Editor's note: The spam data cited in this post is drawn from the network of Google email security and archiving services, powered by Postini, which processes more than 3 billion email connections per day in the course of providing email security to more than 50,000 businesses and 18 million business users.

In 2009, the security community started seeing diminishing returns from the takedown of malicious ISPs. After the ISP 3FN was taken down, spam levels rebounded in less than a month, and after Real Host went down, spam volumes recovered after only two days. In response, the anti-spam community turned its attention toward taking botnets offline instead.

Toward the end of 2009, Mega-D, a top-10 botnet – responsible for infecting more than 250,000 computers worldwide – was severely crippled through a carefully orchestrated campaign designed to isolate the command-and-control servers spammers were using to support the botnet. In early 2010, security professionals, along with government agencies, successfully mounted a campaign against several more targets: major botnets such as Waledac, Mariposa, and Zeus were either shut down or had their operations significantly curtailed.

However, this recent spate of botnet takedowns has not had a dramatic impact on spam levels. Although spam and virus levels did fall below Q4’09 highs, reports from Google’s global analytics show that spam levels held relatively steady over the course of Q1’10.

This suggests that there’s no shortage of botnets out there for spammers to use. If one botnet goes offline, spammers simply buy, rent, or deploy another, making it difficult for the anti-spam community to make significant inroads in the fight against spam with individual botnet takedowns.

Spam by the numbers
Overall, spam volume fell 12% from Q4’09 to Q1’10, which follows a trend of quarterly decreases in overall spam levels that started after the surge in Q2’09. This may be attributed to some of the recent takedowns, but spam volume was still 6% higher this quarter than it was during the same period in 2009, and spam volume as a percentage of total email messages is holding steady.

Recently, our data centers showed a 30% increase in the size of individual spam messages (measured in bytes) that occurred toward the end of March, as shown below.

This spike points to a resurgence of image spam, similar to what we reported in Q2’09. This is likely due to the fact that reusing image templates makes it easier and faster for spammers to start new campaigns.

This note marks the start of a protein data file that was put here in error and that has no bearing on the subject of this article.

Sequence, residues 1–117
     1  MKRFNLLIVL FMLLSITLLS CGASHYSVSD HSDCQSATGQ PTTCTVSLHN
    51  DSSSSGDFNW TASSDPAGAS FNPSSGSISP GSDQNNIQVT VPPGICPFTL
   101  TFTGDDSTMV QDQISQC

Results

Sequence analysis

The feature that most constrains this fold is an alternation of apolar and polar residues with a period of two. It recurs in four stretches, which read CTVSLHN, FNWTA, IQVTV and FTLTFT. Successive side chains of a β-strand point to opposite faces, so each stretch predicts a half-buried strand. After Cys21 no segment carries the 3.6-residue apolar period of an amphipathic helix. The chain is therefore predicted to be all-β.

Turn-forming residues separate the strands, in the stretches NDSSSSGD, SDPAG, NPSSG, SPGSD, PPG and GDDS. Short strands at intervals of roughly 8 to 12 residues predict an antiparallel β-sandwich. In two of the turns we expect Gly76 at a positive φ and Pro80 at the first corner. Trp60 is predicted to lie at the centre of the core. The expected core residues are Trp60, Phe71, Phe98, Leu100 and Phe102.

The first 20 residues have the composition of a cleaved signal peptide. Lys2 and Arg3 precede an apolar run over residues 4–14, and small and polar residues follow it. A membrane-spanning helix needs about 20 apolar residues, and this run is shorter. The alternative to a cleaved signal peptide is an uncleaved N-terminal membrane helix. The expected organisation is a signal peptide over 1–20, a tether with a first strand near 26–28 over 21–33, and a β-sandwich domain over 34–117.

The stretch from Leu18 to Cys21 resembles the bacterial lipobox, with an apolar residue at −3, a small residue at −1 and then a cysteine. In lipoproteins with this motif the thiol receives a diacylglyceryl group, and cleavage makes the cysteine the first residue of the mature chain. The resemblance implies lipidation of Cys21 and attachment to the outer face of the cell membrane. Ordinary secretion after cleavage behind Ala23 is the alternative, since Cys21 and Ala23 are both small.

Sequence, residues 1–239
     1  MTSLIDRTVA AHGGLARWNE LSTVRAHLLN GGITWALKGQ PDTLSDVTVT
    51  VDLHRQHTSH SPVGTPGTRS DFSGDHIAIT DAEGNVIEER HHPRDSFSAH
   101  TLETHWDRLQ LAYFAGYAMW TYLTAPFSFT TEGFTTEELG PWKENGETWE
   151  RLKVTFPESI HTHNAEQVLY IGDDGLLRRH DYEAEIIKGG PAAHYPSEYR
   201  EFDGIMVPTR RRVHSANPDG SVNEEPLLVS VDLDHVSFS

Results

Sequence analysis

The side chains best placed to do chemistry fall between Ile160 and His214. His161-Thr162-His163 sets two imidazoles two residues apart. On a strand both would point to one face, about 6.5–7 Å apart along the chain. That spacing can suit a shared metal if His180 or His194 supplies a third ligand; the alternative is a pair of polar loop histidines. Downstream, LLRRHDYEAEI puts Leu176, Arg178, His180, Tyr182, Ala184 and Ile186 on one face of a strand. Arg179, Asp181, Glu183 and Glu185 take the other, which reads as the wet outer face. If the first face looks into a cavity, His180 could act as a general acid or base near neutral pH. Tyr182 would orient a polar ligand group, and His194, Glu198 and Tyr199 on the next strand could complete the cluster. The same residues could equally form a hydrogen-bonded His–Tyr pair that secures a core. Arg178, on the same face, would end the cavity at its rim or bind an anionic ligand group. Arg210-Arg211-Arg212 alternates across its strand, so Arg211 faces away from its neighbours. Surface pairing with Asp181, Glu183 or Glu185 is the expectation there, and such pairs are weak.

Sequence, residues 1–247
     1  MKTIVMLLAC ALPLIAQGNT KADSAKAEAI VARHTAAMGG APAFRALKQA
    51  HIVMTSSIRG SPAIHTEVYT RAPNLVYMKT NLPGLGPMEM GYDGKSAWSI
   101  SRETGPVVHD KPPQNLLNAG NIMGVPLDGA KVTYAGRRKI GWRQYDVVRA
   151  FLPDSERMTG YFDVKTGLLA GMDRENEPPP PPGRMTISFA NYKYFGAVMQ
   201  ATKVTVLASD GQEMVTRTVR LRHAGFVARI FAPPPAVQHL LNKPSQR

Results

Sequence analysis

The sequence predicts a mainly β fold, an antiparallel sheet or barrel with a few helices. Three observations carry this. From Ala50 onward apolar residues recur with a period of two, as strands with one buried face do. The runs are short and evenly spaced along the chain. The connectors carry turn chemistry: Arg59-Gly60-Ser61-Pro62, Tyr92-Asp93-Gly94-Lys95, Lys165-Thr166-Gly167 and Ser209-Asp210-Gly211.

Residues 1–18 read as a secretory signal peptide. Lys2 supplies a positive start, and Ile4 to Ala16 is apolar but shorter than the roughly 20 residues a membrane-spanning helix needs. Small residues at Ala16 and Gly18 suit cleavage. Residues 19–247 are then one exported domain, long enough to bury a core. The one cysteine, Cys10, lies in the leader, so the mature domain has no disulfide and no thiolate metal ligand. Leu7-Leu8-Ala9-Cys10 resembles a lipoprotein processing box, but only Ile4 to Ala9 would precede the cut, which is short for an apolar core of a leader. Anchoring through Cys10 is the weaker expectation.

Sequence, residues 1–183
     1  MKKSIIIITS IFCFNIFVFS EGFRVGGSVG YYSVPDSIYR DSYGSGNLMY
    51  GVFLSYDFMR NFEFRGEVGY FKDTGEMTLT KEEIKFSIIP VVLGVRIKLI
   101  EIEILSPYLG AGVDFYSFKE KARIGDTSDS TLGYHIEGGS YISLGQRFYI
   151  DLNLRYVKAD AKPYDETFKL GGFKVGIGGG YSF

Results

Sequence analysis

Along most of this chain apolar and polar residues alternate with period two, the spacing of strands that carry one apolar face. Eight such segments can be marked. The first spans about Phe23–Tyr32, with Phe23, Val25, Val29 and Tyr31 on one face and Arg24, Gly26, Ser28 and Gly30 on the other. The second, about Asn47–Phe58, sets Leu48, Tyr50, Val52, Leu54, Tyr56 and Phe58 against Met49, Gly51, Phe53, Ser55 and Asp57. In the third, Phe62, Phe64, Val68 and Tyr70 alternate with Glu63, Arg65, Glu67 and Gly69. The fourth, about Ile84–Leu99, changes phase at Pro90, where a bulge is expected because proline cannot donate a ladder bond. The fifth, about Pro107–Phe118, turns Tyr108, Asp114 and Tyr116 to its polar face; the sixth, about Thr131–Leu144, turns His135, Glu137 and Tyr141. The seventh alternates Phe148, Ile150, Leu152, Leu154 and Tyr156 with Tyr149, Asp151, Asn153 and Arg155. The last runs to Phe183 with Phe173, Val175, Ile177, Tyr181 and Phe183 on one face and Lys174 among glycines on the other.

As always, spammers tend to make use of predictable topics – cheap pharmaceuticals, celebrity gossip, breaking news – to encourage user clicks. In January, spammers hastened to exploit the Haiti earthquake crisis, sending pleas for donations that appeared to have been sent by reputable charitable organizations, politicians, and celebrities.

The frequency and variety of post-earthquake spam illustrates an unpleasant reality: spammers will exploit any means – even tragedies – to accomplish their objectives.

Virus levels fall after Q4’09 surge
During 2009, spam with attached viruses increased tenfold, with levels rising from 0.3% of total spam in the first half of the year to 3.7% in the second. Postini filters blocked more than 100 million virus-bearing messages per day during the worst of the attack.

Since then, spam with attached viruses leveled off to around 1.1% in Q1’10, and dropped as low as 0.7% in March. It’s good news that virus levels are currently trending down – but Q1’10 levels are still 12-fold higher than they were in Q1’09.

In fact, this virus surge may be part of the reason that there hasn’t been a significant impact on spam volume after the recent takedown of major botnets. With a host of new machines now infected and part of a botnet, it is unlikely that there would be a dip in spam proliferation.

Benefits of security in the cloud
Although the botnets that distribute spam are mindless drones, the spammers that take advantage of these botnets are a highly active and adaptable group. This is evidenced by the varied techniques and tactics that they employ in an ongoing effort to evade spam filters and deliver messages to their targets.

2010 is likely to see more botnets taken offline, but the question remains – will that have a long-term impact on spam volumes overall? So far in 2010, the effect has been limited, and the security community may begin to turn to other tactics that yield a more substantial impact on global spam volumes.

As long as the threat is there, however, Google is committed to using the power of the cloud to protect your enterprise from spam and viruses. Outsourcing message security to Google enables you to leverage our technical expertise and massive infrastructure to keep spammers from your inbox.

For more information on how Google’s security and archiving services can help your business stay safe and compliant, please visit www.google.com/postini.

Posted by Gopal Shah, Google Postini Services team